“Everybody needs a fort.
You can live without a lot of things in your life, things other people might say you need. But all you really need is a fort. It can be small, but it has to be sturdy. It’s the place you can go when you don’t have anywhere else to go. A place where there won’t be a lot of questions. A place where people won’t be looking at you or making judgments or assumptions about you. A fort is all about protection.” (page 1)
“My mother likes to make speeches. She’s one of those people who believes she can get out ahead of things –bad things, I mean –by preparing everybody in advance, by speaking slowly and carefully about the sadness or confusion or frustration you’re about to feel. It’s almost like she’s trying to put a frame around things, to sort of steer the world in the right direction, or at least have a say in how other people feel. I don’t mind. I know why she does that. Adults need to have a lot of control over what happens.” (page 4)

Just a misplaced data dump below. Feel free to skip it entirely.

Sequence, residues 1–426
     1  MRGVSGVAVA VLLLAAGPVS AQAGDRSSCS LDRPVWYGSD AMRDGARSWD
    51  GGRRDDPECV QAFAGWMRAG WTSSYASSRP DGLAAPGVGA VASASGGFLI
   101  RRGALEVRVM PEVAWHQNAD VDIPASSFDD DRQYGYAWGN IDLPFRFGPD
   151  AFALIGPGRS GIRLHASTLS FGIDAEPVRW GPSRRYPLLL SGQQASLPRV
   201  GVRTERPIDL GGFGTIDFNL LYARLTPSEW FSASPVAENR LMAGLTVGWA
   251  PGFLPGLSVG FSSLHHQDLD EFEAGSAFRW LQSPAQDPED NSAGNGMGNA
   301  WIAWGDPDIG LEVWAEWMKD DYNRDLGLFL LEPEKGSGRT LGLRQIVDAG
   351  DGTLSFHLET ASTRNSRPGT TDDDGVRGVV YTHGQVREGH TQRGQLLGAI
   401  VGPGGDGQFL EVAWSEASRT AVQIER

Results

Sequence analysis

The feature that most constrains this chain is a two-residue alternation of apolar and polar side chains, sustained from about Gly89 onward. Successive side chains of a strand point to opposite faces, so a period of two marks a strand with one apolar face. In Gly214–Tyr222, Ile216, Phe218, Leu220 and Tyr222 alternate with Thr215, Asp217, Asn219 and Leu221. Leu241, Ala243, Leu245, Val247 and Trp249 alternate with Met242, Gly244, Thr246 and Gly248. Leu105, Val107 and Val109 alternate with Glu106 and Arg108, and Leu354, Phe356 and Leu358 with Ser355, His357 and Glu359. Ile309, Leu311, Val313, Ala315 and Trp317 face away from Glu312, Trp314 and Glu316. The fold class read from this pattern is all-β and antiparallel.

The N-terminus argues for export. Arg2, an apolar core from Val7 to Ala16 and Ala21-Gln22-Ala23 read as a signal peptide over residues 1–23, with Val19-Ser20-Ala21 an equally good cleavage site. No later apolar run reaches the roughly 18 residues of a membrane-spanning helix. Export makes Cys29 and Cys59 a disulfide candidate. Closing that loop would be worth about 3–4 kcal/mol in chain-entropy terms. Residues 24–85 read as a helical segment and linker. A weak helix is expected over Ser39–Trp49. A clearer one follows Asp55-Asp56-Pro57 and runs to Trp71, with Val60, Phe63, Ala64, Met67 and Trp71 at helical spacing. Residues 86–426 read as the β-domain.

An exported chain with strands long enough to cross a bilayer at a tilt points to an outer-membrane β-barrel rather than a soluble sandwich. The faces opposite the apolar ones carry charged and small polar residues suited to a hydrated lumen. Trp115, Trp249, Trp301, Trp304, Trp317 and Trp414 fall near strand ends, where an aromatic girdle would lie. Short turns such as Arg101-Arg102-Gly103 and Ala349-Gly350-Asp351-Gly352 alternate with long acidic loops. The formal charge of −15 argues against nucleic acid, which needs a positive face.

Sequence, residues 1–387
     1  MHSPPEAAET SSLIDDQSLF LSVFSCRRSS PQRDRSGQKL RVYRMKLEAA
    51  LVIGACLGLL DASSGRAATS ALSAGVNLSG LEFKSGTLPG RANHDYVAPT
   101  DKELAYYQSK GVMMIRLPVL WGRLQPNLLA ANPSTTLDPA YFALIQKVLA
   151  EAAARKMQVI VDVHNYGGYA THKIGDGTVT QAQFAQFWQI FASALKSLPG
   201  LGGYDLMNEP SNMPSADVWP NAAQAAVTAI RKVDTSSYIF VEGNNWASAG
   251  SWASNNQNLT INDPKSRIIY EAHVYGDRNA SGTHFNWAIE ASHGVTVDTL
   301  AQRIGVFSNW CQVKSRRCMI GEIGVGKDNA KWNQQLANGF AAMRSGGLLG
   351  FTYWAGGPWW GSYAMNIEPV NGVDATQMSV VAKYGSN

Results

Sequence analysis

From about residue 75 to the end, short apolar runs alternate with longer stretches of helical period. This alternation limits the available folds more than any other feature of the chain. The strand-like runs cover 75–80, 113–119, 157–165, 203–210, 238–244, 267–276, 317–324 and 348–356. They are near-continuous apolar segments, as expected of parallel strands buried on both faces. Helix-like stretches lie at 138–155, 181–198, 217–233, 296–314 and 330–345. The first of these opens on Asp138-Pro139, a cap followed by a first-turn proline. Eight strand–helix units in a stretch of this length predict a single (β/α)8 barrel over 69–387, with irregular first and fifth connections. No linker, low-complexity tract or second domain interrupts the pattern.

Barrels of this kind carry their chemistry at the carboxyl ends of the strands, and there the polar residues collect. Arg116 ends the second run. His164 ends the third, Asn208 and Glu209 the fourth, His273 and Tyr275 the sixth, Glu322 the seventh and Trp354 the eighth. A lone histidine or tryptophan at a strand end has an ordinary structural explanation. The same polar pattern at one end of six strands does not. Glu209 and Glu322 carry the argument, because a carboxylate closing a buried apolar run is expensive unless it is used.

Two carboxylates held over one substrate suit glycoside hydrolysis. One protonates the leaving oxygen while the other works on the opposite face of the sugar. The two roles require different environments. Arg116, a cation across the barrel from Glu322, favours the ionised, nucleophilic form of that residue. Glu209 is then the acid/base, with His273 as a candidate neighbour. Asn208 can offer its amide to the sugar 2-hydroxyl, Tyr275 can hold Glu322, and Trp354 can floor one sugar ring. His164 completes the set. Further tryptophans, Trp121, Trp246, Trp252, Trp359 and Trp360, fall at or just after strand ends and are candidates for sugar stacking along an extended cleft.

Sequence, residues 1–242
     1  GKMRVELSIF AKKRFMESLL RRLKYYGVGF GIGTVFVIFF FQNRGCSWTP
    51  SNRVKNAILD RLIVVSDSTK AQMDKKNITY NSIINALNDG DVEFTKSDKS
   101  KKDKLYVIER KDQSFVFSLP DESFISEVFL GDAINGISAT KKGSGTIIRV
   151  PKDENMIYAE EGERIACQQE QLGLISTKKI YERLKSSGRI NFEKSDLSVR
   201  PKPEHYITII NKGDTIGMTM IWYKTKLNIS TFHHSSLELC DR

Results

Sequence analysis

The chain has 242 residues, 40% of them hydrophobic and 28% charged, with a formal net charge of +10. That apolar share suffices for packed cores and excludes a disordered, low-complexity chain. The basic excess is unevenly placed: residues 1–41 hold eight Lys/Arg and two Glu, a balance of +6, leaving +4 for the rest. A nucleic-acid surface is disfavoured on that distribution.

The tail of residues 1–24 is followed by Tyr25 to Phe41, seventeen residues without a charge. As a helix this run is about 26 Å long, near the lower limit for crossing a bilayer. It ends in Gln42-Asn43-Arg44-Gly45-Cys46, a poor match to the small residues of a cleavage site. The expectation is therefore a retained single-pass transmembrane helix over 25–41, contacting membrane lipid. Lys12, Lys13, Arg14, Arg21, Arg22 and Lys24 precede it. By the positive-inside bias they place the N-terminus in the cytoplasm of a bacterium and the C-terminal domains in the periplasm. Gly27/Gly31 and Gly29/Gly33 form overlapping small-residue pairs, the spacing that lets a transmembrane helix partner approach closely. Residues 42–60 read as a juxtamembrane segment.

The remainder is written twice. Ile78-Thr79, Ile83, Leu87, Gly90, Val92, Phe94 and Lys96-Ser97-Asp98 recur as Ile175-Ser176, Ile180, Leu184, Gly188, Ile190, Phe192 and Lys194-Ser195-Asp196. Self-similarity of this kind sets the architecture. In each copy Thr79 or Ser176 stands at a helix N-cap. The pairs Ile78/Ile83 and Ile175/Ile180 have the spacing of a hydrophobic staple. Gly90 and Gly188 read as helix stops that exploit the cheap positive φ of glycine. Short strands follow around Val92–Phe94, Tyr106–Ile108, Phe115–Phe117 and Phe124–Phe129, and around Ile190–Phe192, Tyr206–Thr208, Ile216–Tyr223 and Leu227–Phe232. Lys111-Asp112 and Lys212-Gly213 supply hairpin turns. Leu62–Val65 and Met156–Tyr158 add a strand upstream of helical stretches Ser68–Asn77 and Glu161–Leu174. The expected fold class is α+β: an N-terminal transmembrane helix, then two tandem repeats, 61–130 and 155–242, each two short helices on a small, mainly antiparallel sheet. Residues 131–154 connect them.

“…the word accident was not the kind of word you could count on. It wasn’t a word that held its meaning. It changed. It shifted. It could be one thing in relation to one person; it could be something totally different in relation to another person.
Accident was just not a word you could ever trust.” (page 29)